I would like to find all functions $f:\mathbb{R}\backslash\{0,1\}\rightarrow\mathbb{R}$ such that

$$f(x)+f\left( \frac{1}{1-x}\right)=x.$$

I do not know how to solve the problem. Can someone explain how to solve it?

In one of my attempts I did the following, which is confusing to me: By the substitution $y=1-\frac{1}{x}$ one gets

$f(y)+f\left( \frac{1}{1-y}\right)=\frac{1}{1-y}$. So with $x=y$ it follows that $0=x-\frac{1}{1-x}$. So it would follow that there is no solution. Is that possible or is there a mistake?

Best regards

  • $\begingroup$ You need to substitute for all x not only one x $\endgroup$ May 4 '17 at 17:28
  • $\begingroup$ Didn't I do that? $\endgroup$ May 4 '17 at 17:29
  • $\begingroup$ Your second bracket seems incorrect $\endgroup$ May 4 '17 at 17:34
  • $\begingroup$ By substituiting $y=1-\frac 1x$ you don't get $$f(y)+f\left( \frac{1}{1-y}\right)=\frac{1}{1-y}$$ $\endgroup$ May 4 '17 at 17:37
  • 2
    $\begingroup$ Possible duplicate of Find $f$ if $ f(x)+f\left(\frac{1}{1-x}\right)=x $ $\endgroup$
    – Hanno
    May 28 '17 at 7:32

make $x:= \frac{1}{1-x}$ then

$$f\left( \frac{1}{1-x}\right)+f\left( \frac{1}{1-\frac{1}{1-x}}\right)=\frac{1}{1-x}\to f\left( \frac{1}{1-x}\right)+f\left(1- \frac{1}{x}\right)=\frac{1}{1-x}\quad (1)$$

do it again in the last equation:

$$f\left( \frac{1}{1-\frac{1}{1-x}}\right)+f(x)=\frac{1}{1-\frac{1}{1-x}}\to f\left(1- \frac{1}{x}\right)+f(x)=1- \frac{1}{x}\quad (2)$$

now make $(1)-(2)$ and get:

$$f\left( \frac{1}{1-x}\right)-f(x)=\frac{1}{1-x}-1+\frac{1}{x}$$

Subtract the equation is the statement and this last one.

$$2f(x)=x-\frac{1}{1-x}+1-\frac{1}{x}\to f(x)=\frac12\left(x-\frac{1}{1-x}+1-\frac{1}{x}\right)$$

  • 1
    $\begingroup$ [+1] I am amazed at the way you have found your way with a machete toward the hidden unique solution. My answer, which in fact parallels yours, is guided by a group attached to the functional equation. $\endgroup$
    – Jean Marie
    May 4 '17 at 21:23
  • $\begingroup$ Thanks for the comments, @JeanMarie . $\endgroup$
    – Arnaldo
    May 4 '17 at 21:29
  • 1
    $\begingroup$ Wow... what a beautiful and unique solution. This will definitely help me in the future when I am working with functional equations. I think I'm going to give you a +50 bounty for this one. $\endgroup$ May 20 '17 at 21:40
  • $\begingroup$ @Frpzzd: Thank you for the comment. I am glad to help. $\endgroup$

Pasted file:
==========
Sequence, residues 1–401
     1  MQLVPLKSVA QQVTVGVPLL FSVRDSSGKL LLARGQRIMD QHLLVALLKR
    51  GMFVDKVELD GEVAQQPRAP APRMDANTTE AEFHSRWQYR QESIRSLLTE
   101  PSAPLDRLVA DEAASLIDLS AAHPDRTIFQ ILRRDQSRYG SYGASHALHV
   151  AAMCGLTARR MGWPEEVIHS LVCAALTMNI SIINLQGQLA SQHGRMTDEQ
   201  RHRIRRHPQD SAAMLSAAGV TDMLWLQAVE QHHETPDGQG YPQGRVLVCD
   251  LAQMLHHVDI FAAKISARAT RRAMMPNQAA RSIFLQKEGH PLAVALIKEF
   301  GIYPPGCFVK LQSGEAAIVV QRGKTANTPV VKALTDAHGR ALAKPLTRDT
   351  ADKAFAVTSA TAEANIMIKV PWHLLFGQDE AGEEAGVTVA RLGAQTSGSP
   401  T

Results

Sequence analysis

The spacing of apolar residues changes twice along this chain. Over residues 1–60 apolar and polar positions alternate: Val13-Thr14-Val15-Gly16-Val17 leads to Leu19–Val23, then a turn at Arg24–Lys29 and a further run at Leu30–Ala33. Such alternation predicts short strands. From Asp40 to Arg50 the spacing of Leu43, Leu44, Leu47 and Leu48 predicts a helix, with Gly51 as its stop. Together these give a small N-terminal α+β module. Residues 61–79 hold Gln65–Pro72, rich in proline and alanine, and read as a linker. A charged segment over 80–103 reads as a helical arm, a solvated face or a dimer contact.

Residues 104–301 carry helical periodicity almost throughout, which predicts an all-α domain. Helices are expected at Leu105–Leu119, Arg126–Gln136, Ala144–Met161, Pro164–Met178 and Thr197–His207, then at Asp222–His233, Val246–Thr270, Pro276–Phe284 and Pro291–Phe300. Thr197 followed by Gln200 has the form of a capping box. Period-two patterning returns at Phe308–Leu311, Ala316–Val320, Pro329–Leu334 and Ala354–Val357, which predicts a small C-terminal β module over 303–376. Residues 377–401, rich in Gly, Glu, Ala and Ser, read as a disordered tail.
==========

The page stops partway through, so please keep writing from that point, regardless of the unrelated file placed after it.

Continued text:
– Arnaldo
    May 20 '17 at 21:44

I would like to shed some light on this issue by taking a more abstract point of view.

In my answer to this recent question : (How to solve an equation of the form $f(x)=f(a)$ for a fixed real a.), I used the following group of functions (with the algebraic meaning of the word "group")

$$\begin{cases}\phi_1(x)=x, & \ \ \ \ \phi_2(x)=1-x, & \ \ \ \ \ \phi_3(x)=\tfrac{1}{x},\\ \phi_4(x)=1-\tfrac{1}{x}, & \ \ \ \ \phi_5(x)=\tfrac{1}{1-x}, & \ \ \ \ \ \phi_6(x)=\tfrac{x}{x-1}.\end{cases}$$

Here also, the presence of this group is natural because it provides all the potentially fruitful changes of variables leading ultimately to the solution.

Let us take the following notation:


Thus, the given functional equation can be written:

$$\tag{1} f(x)+f(\phi_5(x))=x \ \ \ \iff \ \ \ \color{red}{f(x)+\psi_5(x)=x},$$

Substitution $x \to \phi_4(x)$ in (1) gives:

$$\tag{2}f(\phi_4(x))+f(\underbrace{\phi_5(\phi_4(x))}_{\phi_1(x)=x})=\phi_4(x) \ \iff \ \color{red}{\psi_4(x)+f(x)=1-\tfrac{1}{x}},$$

Substitution $x \to \phi_5(x)$ in (1) gives:

$$\tag{3}f(\phi_5(x))+f(\underbrace{\phi_5(\phi_5(x))}_{\phi_4(x)})=\phi_5(x) \ \iff \ \color{red}{\psi_5(x)+\psi_4(x)=\tfrac{1}{1-x}}.$$

It suffices now to make the following combination of equations (1)+(2)-(3) (the parts in red) to obtain:


Remark: the group of functions $\phi_k$ has been recognized by Kummer in the mid-nineteenth century in connection with hypergeometric differential equations. See p. 306 of (http://www.springer.com/la/book/9781461457244), a fascinating book about the rise of complex function theory.

This group has also an interest in projective geometry; for this reason, it is sometimes called the "cross-ratio group". For a modern presentation of the projective invariant called the cross-ratio, take a look for example at (http://www.maths.gla.ac.uk/wws/cabripages/klein/pinvariant.html).

  • $\begingroup$ (+1), very instructive solution. I didn't know about "cross-ratio group". $\endgroup$
    – Arnaldo
    May 4 '17 at 21:51

By replacing $x$ with $\frac{1}{1-x}$ and $\frac{x-1}{x}$ sequentially, you obtain a system of 3 equations. Then, you can get the solution.


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